Presents the story of Celie, a poor, black woman who overcomes a life of abuse due to the support of the females in her life. This edition also offers a compilation of criticism on the characters and themes in this novel. It also features a chronology of the author's life and notes on the contributors.
Author: Maria Lauret
Publisher: Macmillan International Higher Education
Alice Walker, Pulitzer Prize-winning author of 'The Color Purple', is one of America's major and most prolific writers. She is also among its most controversial. How has Walker's work developed over the last forty years? Why has it often provoked extreme reactions? Does Walker's cultural, political and spiritual activism enhance or distort her fiction? Where does she belong in the evolving tradition of African American literature? 'Alice Walker, second edition': * examines the full range of Walker's prose writings: her novels, short stories, essays, activist writings, speeches and memoirs * has been thoroughly revised in the light of the latest scholarship and critical developments * brings coverage of Walker's work right up to date with a new chapter on 'Now is the Time to Open Your Heart' (2004), and discussion of her recent non-fictional writing, including 'Overcoming Speechlessness' (2010) * traces Walker's lineage back to nineteenth-century visionary black women preachers and activists * assesses Walkers prose oeuvre both in terms of its literary and its activist merits and shortcomings. Ideal for students and scholars alike, this established text remains an essential guide to the work of a key US author as it explains her unique place in contemporary American letters.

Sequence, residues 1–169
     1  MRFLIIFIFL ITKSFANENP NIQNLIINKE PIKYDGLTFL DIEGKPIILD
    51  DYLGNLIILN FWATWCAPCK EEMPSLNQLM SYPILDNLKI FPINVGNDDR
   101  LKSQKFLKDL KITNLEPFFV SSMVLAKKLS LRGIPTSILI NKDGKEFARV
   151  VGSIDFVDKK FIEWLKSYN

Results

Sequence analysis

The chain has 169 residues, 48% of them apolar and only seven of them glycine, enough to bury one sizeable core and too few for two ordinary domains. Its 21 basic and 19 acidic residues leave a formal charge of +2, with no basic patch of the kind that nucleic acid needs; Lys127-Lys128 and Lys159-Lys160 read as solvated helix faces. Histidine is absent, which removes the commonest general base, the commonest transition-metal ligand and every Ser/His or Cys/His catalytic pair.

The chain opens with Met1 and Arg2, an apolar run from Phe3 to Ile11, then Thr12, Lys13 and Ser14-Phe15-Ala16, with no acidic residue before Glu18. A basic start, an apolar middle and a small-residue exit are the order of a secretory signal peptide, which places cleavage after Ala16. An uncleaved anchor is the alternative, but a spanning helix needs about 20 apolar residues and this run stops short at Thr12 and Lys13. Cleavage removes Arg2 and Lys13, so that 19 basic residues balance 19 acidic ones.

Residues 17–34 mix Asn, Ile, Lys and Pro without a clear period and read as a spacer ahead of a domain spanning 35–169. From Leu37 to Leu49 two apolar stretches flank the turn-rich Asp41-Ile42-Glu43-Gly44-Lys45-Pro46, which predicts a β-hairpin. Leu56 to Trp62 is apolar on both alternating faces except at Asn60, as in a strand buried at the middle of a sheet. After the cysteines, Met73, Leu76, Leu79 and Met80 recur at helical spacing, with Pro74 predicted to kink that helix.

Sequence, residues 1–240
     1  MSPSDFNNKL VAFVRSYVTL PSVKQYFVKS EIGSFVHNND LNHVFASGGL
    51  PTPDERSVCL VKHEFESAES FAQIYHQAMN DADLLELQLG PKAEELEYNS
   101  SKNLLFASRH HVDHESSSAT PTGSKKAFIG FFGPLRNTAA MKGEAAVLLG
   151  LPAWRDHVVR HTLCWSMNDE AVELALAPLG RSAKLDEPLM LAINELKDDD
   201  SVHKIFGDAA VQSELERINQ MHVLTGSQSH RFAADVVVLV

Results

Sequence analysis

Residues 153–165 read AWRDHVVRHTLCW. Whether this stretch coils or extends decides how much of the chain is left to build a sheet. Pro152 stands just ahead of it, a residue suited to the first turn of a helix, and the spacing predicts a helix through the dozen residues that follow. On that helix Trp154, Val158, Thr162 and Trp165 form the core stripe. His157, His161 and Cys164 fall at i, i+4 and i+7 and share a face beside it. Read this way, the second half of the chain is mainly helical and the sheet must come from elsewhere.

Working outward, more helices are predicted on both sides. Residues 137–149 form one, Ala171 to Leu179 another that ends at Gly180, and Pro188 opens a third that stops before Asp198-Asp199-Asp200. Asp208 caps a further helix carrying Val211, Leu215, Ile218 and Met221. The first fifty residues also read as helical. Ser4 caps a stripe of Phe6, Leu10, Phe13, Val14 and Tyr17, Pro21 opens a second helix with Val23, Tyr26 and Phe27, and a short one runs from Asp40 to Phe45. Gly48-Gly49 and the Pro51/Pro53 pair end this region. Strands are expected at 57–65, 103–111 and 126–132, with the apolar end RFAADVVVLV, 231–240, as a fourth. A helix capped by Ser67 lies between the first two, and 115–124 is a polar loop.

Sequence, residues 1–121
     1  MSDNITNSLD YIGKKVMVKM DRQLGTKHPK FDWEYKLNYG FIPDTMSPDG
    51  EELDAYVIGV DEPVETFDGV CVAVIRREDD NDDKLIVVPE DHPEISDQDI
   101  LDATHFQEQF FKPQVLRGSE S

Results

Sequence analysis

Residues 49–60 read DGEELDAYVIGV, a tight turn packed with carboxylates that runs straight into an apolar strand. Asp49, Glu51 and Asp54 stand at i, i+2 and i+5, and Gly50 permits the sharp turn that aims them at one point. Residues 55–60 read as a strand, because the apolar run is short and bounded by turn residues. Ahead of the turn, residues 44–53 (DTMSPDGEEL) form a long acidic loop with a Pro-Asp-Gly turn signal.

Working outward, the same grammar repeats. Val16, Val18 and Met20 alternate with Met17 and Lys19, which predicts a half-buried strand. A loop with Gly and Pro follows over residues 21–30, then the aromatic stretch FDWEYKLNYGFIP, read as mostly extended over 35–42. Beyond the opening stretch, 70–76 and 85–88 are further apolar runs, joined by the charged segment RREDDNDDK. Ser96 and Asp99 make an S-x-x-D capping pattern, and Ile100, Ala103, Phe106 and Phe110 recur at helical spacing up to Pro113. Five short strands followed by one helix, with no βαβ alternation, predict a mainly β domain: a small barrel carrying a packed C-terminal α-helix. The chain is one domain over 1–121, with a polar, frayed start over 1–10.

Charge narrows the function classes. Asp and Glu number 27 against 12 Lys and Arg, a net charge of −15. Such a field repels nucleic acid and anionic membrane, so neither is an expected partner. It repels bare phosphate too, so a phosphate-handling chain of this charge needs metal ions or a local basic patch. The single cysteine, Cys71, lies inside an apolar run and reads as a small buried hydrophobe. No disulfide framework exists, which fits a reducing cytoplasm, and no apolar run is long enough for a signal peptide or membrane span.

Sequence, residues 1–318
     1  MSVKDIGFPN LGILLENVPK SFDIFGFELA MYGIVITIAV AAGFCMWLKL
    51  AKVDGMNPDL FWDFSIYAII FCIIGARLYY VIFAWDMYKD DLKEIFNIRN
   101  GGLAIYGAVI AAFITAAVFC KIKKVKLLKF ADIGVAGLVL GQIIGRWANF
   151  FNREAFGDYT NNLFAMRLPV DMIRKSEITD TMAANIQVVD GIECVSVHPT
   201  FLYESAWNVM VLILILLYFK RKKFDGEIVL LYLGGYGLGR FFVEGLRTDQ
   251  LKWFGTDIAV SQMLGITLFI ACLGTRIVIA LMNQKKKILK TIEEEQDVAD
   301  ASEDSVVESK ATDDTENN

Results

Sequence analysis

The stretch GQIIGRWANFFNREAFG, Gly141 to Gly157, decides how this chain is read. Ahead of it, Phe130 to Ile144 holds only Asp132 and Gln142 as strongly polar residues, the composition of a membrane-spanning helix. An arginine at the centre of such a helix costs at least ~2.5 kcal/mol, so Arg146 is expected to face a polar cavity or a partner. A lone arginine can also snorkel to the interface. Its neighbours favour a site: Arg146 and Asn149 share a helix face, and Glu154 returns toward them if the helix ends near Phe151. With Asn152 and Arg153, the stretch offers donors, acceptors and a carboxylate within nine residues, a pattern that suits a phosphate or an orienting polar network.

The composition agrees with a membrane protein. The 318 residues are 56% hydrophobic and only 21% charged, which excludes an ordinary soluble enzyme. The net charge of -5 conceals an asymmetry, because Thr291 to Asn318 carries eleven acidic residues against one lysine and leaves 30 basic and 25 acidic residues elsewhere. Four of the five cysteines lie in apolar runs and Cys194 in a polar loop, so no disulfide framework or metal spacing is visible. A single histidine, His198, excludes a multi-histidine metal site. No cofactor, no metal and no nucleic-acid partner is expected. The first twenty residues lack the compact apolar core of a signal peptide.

Drawing on poetry, novels, short stories, children’s books, and essays, Nagueyalti Warren explores the spiritual aesthetic that informs Alice Walker’s creative output. This book contends that Walker instills metaphysical elements throughout her writing, including the Pulitzer-prize winning novel The Color Purple.
According to Molly Hite, a number of influential contemporary women novelists—notably Jean Rhys, Doris Lessing, Alice Walker, and Margaret Atwood—attempt innovations in narrative form that are more radical in their implications than the dominant modes of fictional experimentation characterized as postmodernist. In The Other Side of the Story, Hite makes the point that these innovations, which distinguish the genre she calls contemporary feminist narrative, are more radical precisely because their context is the critique of a culture and a literary tradition apprehended as profoundly masculinist.
Walker in the Fog
Author: Jeffrey Gene Gundy
Publisher: Telford, Pa. : Cascadia Publishing House
The first book-length treatment of the flowering of American Mennonite writing of the last two decades, this book combines careful scholarship with Jeff Gundy's frank, sometimes sardonic, often funny, deeply engaging commentary on Mennonite writing and culture. Gundy explores important Mennonite authors--Patrick Friesen, William Stafford, Julia Kasdorf, Jean Janzen, Keith Ratzlaff, and many others--as well as crucial issues and themes--power and authority, myths of origin and possibility, heresy and community.